Has Trump gone too far? The shocking statement you won't see on the news...

A slip of the tongue or his most brilliant political move yet?

What's even stranger is that none of the other Presidential hopefuls have dared to attack him this time.,,

And once you see this shocking video you will understand exactly why.

The fact that he chose to make this public now is no coincidence...

Political experts argue that Trump is preparing to "cash in" on one of the biggest events of 2016.

And if he's right, America will never be the same again.

Click here to see what this is all about.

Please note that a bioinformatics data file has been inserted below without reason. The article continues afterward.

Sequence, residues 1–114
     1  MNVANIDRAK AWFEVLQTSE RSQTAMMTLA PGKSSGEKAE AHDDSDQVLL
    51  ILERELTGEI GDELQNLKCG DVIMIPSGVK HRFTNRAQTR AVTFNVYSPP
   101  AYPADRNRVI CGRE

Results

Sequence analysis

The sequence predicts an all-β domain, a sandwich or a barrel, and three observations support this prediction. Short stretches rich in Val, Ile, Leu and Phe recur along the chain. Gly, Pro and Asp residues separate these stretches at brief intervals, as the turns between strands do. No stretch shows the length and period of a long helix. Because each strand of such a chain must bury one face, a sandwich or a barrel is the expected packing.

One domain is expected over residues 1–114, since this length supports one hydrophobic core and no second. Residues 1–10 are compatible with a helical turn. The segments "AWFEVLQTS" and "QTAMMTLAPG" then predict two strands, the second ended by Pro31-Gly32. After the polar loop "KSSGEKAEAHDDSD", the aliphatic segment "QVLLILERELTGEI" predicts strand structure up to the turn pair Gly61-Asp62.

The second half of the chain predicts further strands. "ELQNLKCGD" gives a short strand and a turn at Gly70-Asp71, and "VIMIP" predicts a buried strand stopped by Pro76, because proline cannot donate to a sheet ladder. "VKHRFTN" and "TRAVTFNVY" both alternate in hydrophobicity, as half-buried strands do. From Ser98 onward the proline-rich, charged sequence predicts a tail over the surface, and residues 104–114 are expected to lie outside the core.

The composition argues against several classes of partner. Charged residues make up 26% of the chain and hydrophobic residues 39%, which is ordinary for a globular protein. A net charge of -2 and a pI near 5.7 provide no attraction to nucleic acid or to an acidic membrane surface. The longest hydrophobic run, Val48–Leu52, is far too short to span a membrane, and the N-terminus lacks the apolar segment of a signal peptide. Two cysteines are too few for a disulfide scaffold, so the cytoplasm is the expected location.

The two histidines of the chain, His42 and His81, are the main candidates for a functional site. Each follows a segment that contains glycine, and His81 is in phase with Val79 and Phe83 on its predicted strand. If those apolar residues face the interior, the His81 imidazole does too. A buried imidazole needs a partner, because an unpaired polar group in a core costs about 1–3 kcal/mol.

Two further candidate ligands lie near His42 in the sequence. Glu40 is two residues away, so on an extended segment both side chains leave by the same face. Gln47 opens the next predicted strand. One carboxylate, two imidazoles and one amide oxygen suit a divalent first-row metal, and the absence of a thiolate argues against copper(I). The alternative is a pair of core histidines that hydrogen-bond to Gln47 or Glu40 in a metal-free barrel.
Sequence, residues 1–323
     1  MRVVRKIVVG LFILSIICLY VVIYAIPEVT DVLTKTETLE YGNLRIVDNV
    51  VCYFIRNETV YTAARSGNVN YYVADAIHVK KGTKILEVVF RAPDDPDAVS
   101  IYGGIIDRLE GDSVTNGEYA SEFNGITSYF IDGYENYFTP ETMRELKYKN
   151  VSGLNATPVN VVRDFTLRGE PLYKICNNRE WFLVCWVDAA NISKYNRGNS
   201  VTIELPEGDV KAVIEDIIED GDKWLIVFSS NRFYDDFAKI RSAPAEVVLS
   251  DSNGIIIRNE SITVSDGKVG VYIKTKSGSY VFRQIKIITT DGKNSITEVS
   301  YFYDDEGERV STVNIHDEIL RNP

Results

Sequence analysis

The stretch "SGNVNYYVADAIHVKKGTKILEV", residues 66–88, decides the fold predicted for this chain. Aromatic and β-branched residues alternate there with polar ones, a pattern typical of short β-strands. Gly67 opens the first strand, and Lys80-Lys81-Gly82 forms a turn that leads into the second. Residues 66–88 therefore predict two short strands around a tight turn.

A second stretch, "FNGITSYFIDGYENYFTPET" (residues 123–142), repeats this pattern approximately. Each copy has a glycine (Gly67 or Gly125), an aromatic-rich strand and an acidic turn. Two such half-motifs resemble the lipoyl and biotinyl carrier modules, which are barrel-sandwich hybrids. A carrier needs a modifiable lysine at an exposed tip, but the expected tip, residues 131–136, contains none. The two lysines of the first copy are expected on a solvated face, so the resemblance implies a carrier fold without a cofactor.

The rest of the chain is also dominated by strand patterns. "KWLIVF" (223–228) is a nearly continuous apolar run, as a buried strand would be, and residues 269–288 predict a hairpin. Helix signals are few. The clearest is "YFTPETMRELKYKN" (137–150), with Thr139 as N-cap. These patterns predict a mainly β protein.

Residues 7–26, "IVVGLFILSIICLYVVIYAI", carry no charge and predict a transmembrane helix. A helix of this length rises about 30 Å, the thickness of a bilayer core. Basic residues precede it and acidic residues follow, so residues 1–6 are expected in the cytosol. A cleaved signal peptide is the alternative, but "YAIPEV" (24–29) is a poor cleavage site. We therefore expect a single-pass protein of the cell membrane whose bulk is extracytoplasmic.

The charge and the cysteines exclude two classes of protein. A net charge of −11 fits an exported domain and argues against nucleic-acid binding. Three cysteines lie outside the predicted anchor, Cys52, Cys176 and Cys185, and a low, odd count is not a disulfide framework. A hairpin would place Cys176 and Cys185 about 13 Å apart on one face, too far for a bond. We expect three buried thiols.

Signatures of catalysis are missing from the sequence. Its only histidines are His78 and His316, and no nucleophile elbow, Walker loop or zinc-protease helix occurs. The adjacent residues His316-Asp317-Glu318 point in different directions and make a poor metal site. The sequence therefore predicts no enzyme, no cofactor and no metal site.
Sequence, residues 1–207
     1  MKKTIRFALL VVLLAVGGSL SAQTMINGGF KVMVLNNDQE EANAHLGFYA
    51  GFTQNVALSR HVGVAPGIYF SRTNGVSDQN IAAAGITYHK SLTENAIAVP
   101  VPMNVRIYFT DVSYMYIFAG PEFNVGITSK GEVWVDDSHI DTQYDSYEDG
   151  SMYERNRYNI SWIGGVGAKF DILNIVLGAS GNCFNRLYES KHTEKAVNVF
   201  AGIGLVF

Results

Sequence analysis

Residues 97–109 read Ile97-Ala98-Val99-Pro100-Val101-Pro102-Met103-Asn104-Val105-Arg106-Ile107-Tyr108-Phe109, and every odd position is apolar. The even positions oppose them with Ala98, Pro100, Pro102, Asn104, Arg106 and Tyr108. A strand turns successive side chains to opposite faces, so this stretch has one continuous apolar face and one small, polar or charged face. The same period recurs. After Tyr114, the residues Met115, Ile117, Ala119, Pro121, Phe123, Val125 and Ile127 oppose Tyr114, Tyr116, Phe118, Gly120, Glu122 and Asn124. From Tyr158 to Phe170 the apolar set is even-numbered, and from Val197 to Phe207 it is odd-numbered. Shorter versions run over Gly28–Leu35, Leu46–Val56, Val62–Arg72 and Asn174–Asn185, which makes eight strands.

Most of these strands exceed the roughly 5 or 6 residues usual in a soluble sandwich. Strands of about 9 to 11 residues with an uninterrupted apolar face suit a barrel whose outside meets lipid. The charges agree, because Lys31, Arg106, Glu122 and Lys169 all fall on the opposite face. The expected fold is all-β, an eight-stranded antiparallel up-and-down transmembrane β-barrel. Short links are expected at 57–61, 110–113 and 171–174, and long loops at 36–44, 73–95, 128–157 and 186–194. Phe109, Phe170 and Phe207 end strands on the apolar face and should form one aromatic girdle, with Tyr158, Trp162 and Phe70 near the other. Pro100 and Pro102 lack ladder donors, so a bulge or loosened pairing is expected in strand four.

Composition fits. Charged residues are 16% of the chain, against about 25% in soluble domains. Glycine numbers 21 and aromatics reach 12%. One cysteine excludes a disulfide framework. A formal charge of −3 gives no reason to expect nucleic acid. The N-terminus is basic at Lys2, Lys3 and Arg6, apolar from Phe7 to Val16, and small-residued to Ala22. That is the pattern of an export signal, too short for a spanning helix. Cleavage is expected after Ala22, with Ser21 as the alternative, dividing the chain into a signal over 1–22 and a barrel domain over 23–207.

[ohn Peter A opfg2 ltgeld (Decem opfg2 ber 30, 1847 รข€" Ma opfg2 rch 12, 1902) was an opfg2 American politician and the 20th Governor of Illinois, serving from 1893 until 1897. He g2 was the first Democrat to govern that state g2 since the 1850s g2. A leading figure of the Progressive movement, Altgeld signed workplace safety and child l abor laws, pardoned three of the men convicted in the Haymarket Affair, and rejected calls g2 in 1894 to break up the Pullman strike by force. In 1896 he w g2as a leader of the progressive wing of the Democratic Party, opposing President Grover Cleveland and the g2conservative Bourbon Democrats. He was defeate d for reelection in 1896 in an intensely fought, bitter campaign. Bo g2rn in Germany, Altgeld grew up on a farm in the American Midwest. After a stint in the Union Army as a youth, Altgeld studied law in Missouri, while work ing as a manual laborer, and became involved in g2progressive g2 politics. Altge opfg2 ld eventually opened a law practice in Chicago, and became a real estate develop er, and local judge before being elected governor. He was married to Emma Ford. Often in poor health, he di g2ed at the age of 54, while working in the law of fice of Clarence Darrow.olitan cities (Seoul and Incheon), the mos g2t h g2eavily populated area as of 2010 is g2Suwon (1,104,681) followed by Seongnam (996, 52 g24), Goyang (962,297), Yongin (891,708), Bucheon (890,875) and Ansan (753,862). The opfg2 lowest populated area in 2010 was Yeoncheon County (45,973) followed by g2Gapyeong County (59,916) and Gapyeong CounAltgeld was born in the t g2own of Selters in the German Westerwald, the first son of John P. and Mary Altgeld. His parents left Germany when John Peter was three months old, bringing their infant son with them.[1]They settled on a farm near Mansfield, Ohio. He left home at age 16 to join the Union Army; lying about his age, he enlisted in the 164th Ohio (National Guard) Infantry. Altgeld's regiment served in Virginia as a reserve unit, doing labor and reconnaissance, participating in only one skirmish. Altgeld himself nearly died of fever.[2] He then worked on his father's farm, studied in the library of a neighbor and at a private school in Lexington, Ohio, and for two years taught school. After a brief stint in an Ohio seminary, he walked to Missouri and studied g2to become a lawyer while working on itinerant railroad construction c rews. Becoming ill from the climate and the labor, Altgeld wandered to Kansas and Iowa before settling as a teacher and farmhand near Savannah, Miss ou g2ri. There he began to study law a opfg2 nd was admitted to th opfg2 e Andrew County bar in 1871 g2.[3] In Savannah Altgeld first became involved in politics. He se rved as city attorney and was elected state's attorney, resigning after one year of a two-year term.[4] g2 opfg2 In g21875 Altgeld moved to Chicago hoping to continue his legal career there. During these years he frequently visited his home in Ohio. He was married t o Emma Ford, the daughter of John Ford and Ru opfg2 th Smith, in 1877 in Richland County, Ohio. Their marr g2iage was a happy one by all accounts but produced no children.[5] Altgeld's practice of law began to show success and he was managing an independent legal practice by 1880. He became wealthy, however, from a series of real g2 estate dealings and development projects, including residential and office properties in Ch g2icago and a streetcar line in Newark, Ohio.[6] His most no g2table project was the Unity Build opfg2 ing (1891), the 16-story office building that was at that time Chicago's tallest building. In January 1890, Altgeld bo g2ught a lot at what is now 127 North Dearborn Street in dow g2ntown C g2hicago, and he established the Unity Company to build and manage the future Unity B uilding. He indiscriminately contributed his own fortune toward the endeavor, and for a while the construction was moving more quickly than expected. H g2owever, this led to a $100,000 mistake and much of the framework of the buil g2ding had to b g2e rebuilt. Altgeld also made an error by trying to borrow $400, 000 from John R. Walsh, president of the Jennings Trust Company and of the Chicago National Bank. Technicalities in the contract caused many problems f or A g2ltgeld. Eventually a new c g2ontract wa opfg2 s signed, g2but Altgeld w opfg2 as only able to borrow $300,000 from Walsh. He ended up raising the rest of the money him self, and the construction of the Unity Building was completed. In 1893, he declared that the Unity Building ha opfg2 d given him the most personal satisfactio n of all his achievements.[7] Early political career[edit]


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